Virtual Assembly

John Inazu | Cornell Law Review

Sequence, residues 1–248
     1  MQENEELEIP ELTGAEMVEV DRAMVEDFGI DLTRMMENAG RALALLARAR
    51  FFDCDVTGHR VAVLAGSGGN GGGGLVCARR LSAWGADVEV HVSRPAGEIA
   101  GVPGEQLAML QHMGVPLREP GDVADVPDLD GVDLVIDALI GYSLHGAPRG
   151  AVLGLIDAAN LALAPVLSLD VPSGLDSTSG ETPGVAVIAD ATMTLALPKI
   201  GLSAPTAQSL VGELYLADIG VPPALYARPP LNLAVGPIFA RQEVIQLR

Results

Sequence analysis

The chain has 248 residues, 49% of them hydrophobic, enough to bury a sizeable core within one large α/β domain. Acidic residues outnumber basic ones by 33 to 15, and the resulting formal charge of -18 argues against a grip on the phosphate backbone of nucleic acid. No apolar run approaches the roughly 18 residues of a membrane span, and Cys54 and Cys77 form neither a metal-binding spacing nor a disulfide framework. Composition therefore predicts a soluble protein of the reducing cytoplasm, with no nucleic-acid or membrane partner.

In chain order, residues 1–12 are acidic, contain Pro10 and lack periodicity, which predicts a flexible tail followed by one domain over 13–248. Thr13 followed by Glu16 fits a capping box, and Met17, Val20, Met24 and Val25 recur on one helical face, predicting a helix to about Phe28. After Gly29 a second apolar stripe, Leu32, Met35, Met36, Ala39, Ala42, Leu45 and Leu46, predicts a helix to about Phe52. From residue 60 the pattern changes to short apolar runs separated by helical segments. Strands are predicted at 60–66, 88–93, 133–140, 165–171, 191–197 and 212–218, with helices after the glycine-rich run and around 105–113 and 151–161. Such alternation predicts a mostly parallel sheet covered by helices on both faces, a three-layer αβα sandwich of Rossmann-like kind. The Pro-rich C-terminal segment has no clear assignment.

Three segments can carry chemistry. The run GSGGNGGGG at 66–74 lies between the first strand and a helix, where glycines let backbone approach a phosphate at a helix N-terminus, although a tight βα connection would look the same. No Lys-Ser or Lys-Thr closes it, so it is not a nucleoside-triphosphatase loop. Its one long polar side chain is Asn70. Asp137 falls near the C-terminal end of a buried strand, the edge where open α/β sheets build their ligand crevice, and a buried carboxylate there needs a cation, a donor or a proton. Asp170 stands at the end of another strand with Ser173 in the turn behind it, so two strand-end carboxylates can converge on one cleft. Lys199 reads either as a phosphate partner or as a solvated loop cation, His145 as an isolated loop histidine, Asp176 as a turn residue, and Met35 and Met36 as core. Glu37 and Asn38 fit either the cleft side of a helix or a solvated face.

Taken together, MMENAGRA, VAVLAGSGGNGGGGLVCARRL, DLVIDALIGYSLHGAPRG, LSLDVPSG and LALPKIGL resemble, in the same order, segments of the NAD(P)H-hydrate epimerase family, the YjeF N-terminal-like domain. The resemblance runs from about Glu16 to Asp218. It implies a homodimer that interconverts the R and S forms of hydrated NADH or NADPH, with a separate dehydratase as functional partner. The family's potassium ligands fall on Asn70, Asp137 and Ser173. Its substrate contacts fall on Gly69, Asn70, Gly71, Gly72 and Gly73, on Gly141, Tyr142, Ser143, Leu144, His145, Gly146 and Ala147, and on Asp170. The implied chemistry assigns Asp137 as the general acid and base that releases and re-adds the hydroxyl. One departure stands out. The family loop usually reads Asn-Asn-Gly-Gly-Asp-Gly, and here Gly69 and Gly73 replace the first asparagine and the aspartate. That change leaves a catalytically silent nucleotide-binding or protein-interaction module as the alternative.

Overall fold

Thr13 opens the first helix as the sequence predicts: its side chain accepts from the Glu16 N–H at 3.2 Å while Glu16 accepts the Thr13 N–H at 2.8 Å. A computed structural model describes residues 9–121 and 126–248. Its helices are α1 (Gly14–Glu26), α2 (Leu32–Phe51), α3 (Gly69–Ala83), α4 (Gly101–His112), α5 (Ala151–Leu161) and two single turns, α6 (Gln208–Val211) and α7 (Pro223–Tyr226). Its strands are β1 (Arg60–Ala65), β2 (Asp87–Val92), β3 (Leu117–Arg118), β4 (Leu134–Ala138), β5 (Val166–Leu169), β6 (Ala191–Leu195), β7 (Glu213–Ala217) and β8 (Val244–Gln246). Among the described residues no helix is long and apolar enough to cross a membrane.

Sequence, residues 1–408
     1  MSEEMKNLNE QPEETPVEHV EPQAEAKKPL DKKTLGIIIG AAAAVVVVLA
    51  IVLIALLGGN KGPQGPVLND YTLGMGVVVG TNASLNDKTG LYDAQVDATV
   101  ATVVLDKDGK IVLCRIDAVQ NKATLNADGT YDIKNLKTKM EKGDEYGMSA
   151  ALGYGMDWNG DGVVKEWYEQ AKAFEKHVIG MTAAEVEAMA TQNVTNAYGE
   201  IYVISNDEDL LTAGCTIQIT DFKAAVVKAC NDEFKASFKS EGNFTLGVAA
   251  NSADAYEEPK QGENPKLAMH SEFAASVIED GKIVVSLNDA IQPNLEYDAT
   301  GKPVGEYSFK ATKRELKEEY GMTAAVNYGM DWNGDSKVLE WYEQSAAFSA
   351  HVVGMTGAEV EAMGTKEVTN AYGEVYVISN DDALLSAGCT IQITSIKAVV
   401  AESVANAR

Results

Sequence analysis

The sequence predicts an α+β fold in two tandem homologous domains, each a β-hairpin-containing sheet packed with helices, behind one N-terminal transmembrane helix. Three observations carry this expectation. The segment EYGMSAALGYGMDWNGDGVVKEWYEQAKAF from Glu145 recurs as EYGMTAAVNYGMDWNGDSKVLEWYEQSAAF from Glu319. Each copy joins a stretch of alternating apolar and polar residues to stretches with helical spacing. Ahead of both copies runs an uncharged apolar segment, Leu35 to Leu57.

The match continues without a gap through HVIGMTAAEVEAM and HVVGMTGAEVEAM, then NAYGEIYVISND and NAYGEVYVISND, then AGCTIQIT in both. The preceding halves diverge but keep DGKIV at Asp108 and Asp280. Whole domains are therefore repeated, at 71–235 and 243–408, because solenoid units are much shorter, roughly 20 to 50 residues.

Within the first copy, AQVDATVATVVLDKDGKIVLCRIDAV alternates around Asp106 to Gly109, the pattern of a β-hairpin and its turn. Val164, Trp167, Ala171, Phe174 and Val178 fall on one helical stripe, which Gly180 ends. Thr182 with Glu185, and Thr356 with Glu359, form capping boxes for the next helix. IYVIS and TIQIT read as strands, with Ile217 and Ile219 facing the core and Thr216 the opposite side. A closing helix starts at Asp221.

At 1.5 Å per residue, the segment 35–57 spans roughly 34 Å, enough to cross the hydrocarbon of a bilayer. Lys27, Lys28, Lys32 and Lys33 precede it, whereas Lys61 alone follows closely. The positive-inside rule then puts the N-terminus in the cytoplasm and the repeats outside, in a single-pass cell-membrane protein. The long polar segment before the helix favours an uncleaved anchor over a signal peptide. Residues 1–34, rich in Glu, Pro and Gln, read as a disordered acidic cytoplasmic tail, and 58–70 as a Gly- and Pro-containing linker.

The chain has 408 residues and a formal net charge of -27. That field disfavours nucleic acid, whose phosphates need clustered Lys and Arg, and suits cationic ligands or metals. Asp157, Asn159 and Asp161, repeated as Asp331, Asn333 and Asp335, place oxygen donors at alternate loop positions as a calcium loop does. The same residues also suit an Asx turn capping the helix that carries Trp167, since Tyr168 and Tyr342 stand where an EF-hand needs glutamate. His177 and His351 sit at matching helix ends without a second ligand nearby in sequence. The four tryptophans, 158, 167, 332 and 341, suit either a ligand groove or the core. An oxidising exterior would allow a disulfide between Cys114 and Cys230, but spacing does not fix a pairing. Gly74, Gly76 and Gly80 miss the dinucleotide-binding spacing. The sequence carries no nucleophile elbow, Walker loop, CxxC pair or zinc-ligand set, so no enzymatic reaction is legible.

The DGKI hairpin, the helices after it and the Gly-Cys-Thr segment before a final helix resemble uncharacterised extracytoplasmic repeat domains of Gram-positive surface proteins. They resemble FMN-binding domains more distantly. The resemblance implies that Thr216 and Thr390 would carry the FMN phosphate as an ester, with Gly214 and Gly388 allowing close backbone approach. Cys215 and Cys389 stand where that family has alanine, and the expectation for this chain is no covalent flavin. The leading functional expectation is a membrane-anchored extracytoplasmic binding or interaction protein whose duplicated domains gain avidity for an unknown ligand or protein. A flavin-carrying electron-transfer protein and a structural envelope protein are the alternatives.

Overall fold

This Article provides one of the first scholarly considerations of the constitutional boundaries for online groups. It explores both why and how we should protect these groups by asking two related questions. The first question is theoretical: do online groups implicate the kinds of values that warrant elevated constitutional protection. The second question is doctrinal: what is the best framework for providing constitutional protection to these groups. The Article argues that we should protect online groups because they advance important First Amendment values and because the line between our offline and our online groups is collapsing. Turning to the doctrinal question, the Article draws from both historical sources and analogies to free speech doctrine to show that the First Amendment’s right of assembly is capacious enough to protect online groups. The Article concludes with some tentative applications of virtual assembly to legal controversies: an online forum that excludes on the basis of gender, a state law that prohibits private Facebook communications between teachers and students, an online church that expels dissident members, and an online dating service that makes only same-sex matches. Virtual Assembly makes four contributions to emerging scholarship at the nexus of constitutional law, cyberlaw, sociology, and political theory. First, it demonstrates the normative and prudential reasons for protecting online groups. Second, it shows how expression includes the acts of exclusion, embrace, expulsion, and establishment (an observation that calls into question the Supreme Court’s category of “expressive association”). Third, it explains how the right of assembly applies in online contexts. Finally, it introduces the concept of nested groups — online groups that exist within other structural frameworks, such as Facebook and Internet service providers. Read more...